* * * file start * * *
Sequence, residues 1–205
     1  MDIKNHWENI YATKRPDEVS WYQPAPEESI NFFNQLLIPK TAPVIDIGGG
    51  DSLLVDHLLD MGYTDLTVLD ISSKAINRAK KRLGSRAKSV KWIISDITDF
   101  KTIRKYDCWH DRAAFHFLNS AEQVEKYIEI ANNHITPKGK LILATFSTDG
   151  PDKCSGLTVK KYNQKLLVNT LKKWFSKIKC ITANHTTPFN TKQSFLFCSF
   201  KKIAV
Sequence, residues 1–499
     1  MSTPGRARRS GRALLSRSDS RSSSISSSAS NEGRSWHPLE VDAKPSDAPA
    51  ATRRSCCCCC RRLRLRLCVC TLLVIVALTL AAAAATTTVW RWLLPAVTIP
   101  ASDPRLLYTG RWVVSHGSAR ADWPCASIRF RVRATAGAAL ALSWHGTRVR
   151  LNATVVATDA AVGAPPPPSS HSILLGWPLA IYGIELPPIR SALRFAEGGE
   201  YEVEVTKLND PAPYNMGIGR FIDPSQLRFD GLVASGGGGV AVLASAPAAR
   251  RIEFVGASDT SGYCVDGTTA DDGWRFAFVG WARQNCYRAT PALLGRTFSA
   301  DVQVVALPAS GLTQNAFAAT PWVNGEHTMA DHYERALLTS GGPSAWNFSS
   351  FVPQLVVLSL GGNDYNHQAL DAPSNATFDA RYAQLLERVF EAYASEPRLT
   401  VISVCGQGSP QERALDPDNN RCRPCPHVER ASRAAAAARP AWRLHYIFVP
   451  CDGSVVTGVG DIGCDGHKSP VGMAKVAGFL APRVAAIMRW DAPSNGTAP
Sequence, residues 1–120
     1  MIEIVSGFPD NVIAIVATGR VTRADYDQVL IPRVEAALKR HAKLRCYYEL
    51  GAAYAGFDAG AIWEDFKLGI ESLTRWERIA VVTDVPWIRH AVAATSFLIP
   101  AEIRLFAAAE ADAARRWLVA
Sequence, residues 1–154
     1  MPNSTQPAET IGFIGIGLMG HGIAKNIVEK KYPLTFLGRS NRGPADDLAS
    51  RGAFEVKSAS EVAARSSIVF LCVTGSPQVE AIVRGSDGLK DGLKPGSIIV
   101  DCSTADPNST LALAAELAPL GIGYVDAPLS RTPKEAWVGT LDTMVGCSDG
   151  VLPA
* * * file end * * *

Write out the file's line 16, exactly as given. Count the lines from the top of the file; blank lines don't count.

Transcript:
   401  VISVCGQGSP QERALDPDNN RCRPCPHVER ASRAAAAARP AWRLHYIFVP